- Architect In Charge:Jim Caumeron
- Design Team:Jim Caumeron
- City:Quezon City
Text description provided by the architects. This is a house with warm interior-core sheltered by a white concrete “hood” with trapezoidal niches that frame the outside views. It is called Viewpoint House designed by Jim Caumeron Design. Located in a dense subdivision in Quezon City, Philippines. the L-shaped lot called for an L-shaped plan to fit the hefty 400 square meter client’s space requirements. The property’s east and back side has no views because it is blocked by a fence-wall owned by neighbors. The west side on the other hand exposes the lot to the heat of the afternoon sun. This side also fronts the street access and a small community park that can pose an issue on privacy if the living areas were to face west.
Jim Caumeron proposed to highlight the view of the park by providing a huge picture window at the corner of the house. This serves as the “mother” window, raised above a standard human height to lessen the visibility of the living room from the street. When one is lounging in the living area, they can look up to the big window with the view of the crown of the tree.
The entrance hallway and stairs were located on the west side with a ribbon window facing the street and the park. Above it is a wall of small punctured windows with a profile section-detail that is slanted to keep the rainwater out while still allowing natural air to seep through it. This wall blocks the sun’s heat in the afternoon but at the same time allows the stair atrium to breathe.
The setback was kept open as small private open areas of the dining room and the guests’ room at the ground floor. The garage adjacent to the living areas is transformable into an extended party area, highlighted by a square frosted glass door from the living room. It is typical for Filipinos during fiestas, christening, house blessings etc. to welcome everyone in the community to feast. Normally, the garage area where a big table can be set up is the best space for it to keep the main living and dining areas private and indirectly exclusive to family and close friends.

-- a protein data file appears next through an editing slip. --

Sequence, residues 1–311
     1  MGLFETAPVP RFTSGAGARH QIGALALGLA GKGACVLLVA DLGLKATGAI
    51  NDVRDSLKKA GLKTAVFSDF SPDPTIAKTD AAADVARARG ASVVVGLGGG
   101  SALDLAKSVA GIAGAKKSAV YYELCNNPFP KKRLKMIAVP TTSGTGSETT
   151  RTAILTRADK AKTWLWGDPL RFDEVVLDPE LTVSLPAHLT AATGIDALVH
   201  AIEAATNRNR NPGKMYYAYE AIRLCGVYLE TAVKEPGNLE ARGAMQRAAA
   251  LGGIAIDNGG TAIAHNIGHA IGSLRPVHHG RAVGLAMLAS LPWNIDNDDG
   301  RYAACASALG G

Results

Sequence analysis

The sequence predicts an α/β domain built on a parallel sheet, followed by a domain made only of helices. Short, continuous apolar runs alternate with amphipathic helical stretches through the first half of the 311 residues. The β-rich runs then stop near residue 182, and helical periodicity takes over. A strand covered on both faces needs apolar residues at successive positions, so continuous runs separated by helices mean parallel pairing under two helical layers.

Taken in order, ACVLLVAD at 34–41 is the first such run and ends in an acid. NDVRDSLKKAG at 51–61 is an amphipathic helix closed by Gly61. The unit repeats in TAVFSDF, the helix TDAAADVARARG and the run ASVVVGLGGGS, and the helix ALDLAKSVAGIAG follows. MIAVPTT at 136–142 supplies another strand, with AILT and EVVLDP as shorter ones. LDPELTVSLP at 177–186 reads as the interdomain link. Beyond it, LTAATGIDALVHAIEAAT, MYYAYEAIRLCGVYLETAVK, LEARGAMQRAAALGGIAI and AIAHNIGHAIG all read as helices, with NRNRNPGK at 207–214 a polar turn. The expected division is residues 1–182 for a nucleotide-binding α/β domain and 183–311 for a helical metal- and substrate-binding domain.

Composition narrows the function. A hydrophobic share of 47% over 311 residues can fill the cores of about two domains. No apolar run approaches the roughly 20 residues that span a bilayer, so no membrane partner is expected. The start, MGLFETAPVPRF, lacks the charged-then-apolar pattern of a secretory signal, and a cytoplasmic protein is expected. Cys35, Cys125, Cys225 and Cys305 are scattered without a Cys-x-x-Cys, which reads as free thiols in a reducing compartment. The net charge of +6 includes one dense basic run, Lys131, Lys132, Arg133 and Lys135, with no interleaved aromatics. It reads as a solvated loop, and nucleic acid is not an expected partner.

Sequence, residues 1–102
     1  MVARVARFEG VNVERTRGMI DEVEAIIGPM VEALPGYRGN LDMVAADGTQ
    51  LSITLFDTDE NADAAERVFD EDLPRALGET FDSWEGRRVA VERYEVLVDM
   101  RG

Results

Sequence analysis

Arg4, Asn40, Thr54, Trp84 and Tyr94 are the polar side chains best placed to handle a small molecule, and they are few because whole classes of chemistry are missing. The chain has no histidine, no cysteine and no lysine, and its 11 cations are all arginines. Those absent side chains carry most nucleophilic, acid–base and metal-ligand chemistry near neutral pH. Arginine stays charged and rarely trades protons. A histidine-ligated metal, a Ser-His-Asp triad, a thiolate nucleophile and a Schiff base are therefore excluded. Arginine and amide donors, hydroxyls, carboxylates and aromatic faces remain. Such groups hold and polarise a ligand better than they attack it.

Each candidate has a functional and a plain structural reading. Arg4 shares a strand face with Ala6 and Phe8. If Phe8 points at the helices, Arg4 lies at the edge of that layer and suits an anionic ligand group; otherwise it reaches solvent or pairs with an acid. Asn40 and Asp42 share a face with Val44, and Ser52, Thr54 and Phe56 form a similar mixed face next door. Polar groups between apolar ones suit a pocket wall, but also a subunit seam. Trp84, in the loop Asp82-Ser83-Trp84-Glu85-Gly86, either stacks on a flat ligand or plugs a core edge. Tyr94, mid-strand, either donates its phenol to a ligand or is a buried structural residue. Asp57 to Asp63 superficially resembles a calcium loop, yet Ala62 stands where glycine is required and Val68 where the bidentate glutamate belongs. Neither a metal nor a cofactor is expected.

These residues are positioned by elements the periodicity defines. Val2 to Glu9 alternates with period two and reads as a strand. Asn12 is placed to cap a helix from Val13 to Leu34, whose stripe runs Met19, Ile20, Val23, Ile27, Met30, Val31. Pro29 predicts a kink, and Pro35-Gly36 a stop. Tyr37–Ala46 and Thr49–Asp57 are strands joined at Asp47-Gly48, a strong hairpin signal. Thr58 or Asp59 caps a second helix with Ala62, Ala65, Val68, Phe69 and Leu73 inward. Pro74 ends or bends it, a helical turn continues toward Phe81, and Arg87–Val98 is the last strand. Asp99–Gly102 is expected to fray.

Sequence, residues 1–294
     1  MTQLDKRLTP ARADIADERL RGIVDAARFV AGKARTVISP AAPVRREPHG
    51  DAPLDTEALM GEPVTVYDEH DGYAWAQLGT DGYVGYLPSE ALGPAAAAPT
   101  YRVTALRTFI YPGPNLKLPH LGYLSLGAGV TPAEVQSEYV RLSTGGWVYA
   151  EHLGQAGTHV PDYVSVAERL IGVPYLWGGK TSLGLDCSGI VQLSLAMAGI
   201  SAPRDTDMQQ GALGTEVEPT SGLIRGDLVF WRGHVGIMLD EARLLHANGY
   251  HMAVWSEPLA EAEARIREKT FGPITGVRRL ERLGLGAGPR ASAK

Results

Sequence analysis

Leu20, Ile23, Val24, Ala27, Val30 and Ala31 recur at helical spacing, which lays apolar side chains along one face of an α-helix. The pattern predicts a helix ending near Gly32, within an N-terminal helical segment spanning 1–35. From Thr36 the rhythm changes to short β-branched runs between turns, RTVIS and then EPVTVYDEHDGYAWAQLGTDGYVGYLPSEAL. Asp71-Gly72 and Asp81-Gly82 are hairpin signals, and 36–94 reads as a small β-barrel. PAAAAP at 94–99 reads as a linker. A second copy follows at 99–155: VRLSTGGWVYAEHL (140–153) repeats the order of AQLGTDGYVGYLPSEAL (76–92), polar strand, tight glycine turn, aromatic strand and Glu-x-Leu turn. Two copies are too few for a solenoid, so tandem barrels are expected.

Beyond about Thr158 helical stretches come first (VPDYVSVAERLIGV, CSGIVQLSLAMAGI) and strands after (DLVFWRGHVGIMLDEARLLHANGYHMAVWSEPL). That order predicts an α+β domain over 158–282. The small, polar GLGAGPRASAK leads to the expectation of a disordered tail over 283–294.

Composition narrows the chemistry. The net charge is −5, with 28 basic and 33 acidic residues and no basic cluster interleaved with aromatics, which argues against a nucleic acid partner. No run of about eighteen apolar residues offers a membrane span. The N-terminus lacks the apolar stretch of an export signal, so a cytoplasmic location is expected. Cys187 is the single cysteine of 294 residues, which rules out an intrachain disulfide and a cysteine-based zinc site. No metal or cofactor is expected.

At the second floor, two hallway windows are located on both ends for light and cross- ventilation. The hallway has a flank of doors that are recessed on the wall echoing the profile of the window viewports. Behind these recessed spaces are storage and closet spaces. One of these doors is the library with customized tables, lamps and bookshelves. The space was meant to be fully-airconditioned but the architect insisted to make the picture window along the hallway to be openable.
There are also small random windows on the opposite side of the library with few of them that are operable. The window frames were customized wooden casements with magnets for closing. The small windows reflect the punctured windows of the west façade and becomes a backdrop of the library interior when looking towards the hallway. A portion of the corridor is partly family room. When the air-condition is on, a pocket glass door can be pulled out from the wall making the hallway area part of the space.
The owners’ local hardwood collection was used for the second floor and wood finishes that dictated the color scheme of the house. The architect imagined the wood finishes as the warming and comforting element in the interior. The geometric visual language of the exterior can also be seen on the ceiling design and interior furnishings Jim Caumeron designed.
The “mother” window is also used as view portal by two interior windows – the family room and the masters’ bedroom at the second floor. Instead of having a boring blank wall opposite the masters’ bed, the architect provided a bay window seating that overlooks the living areas, family room and the view of the park. Same views can be enjoyed in the family room. This makes the tree at the corner of the park referenced as the viewpoint of the house.